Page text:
My previous post said quite clearly that it was underdeveloped; as far as that goes I have no disagreement with Rakesh. (Whether it was more, or differently, undeveloped than other examples of its genre is a question I won't address.) Otherwise, I will simply have to write the careful review of Reed's Du Bois book that I declined to write, because I hated it so much, when I first read it over the winter. I'll post my review to the list. As I am going out of town for a week, that will take me several weeks to do. Until then, Rakesh, I ask you to look up Zamir's Dark Voices: W.E.B. Du Bois and American Thought, 1888-1903, U. of Chicago Press, 1995, which is the serious (and Hegelian-Marxist) book Reed did not write. Other than my own forthcoming work, it will be the main source I draw on in my review.
Until then, clarifications to tie me over: Adell, who is herself a Derridean, in Double Consciousness/Double Bind demonstrates that neither Gates nor Baker, in their major books, genuinely makes the theoretical arguments that they claim they are making; Gates' Derrida is just another liberal, while Baker doesn't even claim to have a coherent theory, he just picks and chooses whatever sounds good. (She also, in a different chapter of the book, discusses Du Bois' relationship to Hegel with great cogency.) Spillers does the social analysis: she argues, in a piece called "The Crisis of the Negro Intellectual: A Post Date", that African American Studies is haunted by the claim that all intellectual work must be immediately relevant, on the one hand, and the fact that when a given black scholar appears successful as a scholar, he (nearly always "he") will immediately be offered money and credibility for work that has nothing to do with their area of scholarship. The result is that promising scholars often don't develop, and the field as a whole retains a generalized underdevelopment.
In the 1980s, West produced two substantial scholarly books, The American Evasion of Philosophy and The Ethical Dimensions of Marxist Thought, and a number of serious essays, on Frederic Jameson, on the material context for African American Studies publication, and on the relationship between US marxism and African American Cultural Studies. I now consider his substantive arguments in all of this work wrong. But the fact is, in the 1980s, he was one of the only people doing this kind of work, and he was doing it much better than Gates or Baker. His work was a catalyst for what I, and a great many others, now do.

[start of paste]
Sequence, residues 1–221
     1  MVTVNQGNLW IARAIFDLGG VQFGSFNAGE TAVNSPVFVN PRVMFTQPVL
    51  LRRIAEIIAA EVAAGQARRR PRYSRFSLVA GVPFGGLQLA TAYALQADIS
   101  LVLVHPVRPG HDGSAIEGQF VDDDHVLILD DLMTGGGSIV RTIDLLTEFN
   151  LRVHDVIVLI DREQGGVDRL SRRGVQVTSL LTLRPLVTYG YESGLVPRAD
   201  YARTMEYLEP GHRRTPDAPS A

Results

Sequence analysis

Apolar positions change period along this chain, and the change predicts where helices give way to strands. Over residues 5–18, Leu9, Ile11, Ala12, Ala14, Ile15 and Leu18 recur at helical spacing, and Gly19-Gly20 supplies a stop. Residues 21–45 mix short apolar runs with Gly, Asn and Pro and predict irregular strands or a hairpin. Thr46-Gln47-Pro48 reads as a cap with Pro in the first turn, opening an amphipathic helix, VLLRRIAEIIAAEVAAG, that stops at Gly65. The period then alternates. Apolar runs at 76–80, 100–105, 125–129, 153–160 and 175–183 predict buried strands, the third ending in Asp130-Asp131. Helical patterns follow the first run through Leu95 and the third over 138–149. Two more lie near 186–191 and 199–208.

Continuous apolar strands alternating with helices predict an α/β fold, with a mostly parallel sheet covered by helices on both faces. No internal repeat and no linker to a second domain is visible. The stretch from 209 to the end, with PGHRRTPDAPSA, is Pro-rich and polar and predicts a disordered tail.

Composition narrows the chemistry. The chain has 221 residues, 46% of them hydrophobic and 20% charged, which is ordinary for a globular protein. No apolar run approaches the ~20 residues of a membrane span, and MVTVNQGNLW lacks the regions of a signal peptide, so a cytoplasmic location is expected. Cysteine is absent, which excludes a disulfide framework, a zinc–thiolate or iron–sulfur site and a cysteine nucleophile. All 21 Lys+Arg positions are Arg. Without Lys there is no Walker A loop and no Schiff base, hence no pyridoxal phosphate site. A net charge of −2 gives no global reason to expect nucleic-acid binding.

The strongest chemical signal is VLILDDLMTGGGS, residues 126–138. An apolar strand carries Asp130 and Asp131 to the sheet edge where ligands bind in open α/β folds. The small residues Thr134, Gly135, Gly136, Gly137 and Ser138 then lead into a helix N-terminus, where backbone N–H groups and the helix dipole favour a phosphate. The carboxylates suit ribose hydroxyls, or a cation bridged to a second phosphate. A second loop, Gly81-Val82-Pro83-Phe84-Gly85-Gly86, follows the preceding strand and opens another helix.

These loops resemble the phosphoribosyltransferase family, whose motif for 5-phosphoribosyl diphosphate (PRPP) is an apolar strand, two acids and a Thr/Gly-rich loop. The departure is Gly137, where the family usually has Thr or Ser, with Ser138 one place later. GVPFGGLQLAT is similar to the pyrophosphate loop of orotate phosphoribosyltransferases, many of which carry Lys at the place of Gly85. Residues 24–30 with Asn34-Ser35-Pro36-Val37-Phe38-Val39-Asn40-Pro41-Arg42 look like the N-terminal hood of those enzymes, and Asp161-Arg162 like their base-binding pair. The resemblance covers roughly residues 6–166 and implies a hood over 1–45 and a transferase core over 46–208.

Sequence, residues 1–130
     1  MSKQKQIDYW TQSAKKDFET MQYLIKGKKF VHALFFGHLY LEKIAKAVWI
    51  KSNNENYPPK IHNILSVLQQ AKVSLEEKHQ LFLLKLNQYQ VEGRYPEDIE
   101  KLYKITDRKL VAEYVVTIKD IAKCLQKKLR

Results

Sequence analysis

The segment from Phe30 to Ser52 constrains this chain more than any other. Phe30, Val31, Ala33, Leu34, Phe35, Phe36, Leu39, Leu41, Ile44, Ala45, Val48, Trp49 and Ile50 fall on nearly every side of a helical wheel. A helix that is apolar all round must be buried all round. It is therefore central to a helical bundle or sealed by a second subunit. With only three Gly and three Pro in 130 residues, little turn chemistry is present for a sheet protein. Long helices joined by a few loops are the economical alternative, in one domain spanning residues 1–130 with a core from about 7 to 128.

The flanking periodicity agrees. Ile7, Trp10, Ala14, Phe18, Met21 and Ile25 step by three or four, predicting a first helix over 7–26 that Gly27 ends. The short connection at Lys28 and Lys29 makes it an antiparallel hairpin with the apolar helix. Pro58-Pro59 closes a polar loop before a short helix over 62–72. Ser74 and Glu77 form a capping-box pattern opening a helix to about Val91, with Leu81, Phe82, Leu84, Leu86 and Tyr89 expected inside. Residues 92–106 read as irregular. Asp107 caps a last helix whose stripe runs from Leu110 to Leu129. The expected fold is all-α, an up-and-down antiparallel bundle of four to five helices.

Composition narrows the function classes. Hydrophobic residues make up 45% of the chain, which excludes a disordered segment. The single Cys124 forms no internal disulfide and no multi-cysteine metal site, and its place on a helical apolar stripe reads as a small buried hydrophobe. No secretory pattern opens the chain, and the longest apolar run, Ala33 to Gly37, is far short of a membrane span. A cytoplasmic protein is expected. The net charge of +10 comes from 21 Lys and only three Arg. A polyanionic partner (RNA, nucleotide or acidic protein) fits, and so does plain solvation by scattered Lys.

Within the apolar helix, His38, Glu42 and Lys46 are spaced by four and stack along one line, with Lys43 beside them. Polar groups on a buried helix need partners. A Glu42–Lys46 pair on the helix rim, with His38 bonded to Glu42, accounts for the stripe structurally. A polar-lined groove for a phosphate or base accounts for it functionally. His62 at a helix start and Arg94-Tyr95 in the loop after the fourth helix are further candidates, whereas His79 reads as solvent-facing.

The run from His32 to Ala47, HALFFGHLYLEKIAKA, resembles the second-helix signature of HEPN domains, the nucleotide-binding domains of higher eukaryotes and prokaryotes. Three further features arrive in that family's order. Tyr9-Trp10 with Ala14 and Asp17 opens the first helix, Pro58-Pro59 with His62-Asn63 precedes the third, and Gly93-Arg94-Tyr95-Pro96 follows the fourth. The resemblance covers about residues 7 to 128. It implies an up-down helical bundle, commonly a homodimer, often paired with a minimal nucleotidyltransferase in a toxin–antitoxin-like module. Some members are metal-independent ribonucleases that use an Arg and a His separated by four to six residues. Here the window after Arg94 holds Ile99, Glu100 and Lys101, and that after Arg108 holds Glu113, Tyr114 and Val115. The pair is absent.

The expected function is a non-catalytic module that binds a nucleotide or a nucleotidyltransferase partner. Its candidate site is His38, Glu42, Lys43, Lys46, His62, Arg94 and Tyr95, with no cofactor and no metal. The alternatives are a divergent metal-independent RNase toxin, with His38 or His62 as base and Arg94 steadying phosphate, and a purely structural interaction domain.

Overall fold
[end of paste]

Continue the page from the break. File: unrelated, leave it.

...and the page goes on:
Hooks' contributions are stronger. She published three books in the 1980s intervening in three different specific, and original ways, into feminist theory: first with a historical account of how black women are gendered differently than white women (granted several other women, like Angela Davis, published similar books in the same year or two as hooks); next with an account of how this different gendering led to rather different positioning in regard to a series of specific feminist political issues; finally, in Talking Back, with the first psychoanalytic narrative in black feminist theory. All three books (like most decade old books in new and growing fields) are out of date. At the time of their publications they were inventive, original, and influential. I have an extended account of the usefulness, and substantial limitations, of Talking Back in the last chapter of my forthcoming book.
In both cases, West and hooks, the main reason for denying their contribution in the 1980s is that one denies that a theory of the production of African American subjectivity is a specific necessity for US marxism. I have seen no sign that Reed knows what the word "subjectivity" means, but I will have to elaborate on that later. Marxists who believe that historical marxism already has a fully adequate theory of the subject, who believe that racial subjectivity in the US has no specific sectoral logic that splits across classes, or who deny that subjectivity has any phenomenal existence at all, should ignore my work.
I still find it useful to teach hooks; I would not teach West. My claims for them are that they usefully and with scholarly sophistication once helped jump start a field of research; and in hooks' case, that, once one delimits its area of accuracy, continues to be useful. (Rakesh, don't ask me how, you know how. My posts to Jonathan Scott last week about whiteness are examples of how; respond to them if you want.)
Kenneth Mostern Department of English University of Tennessee
"Talent is perhaps nothing other than successfully sublimated rage."
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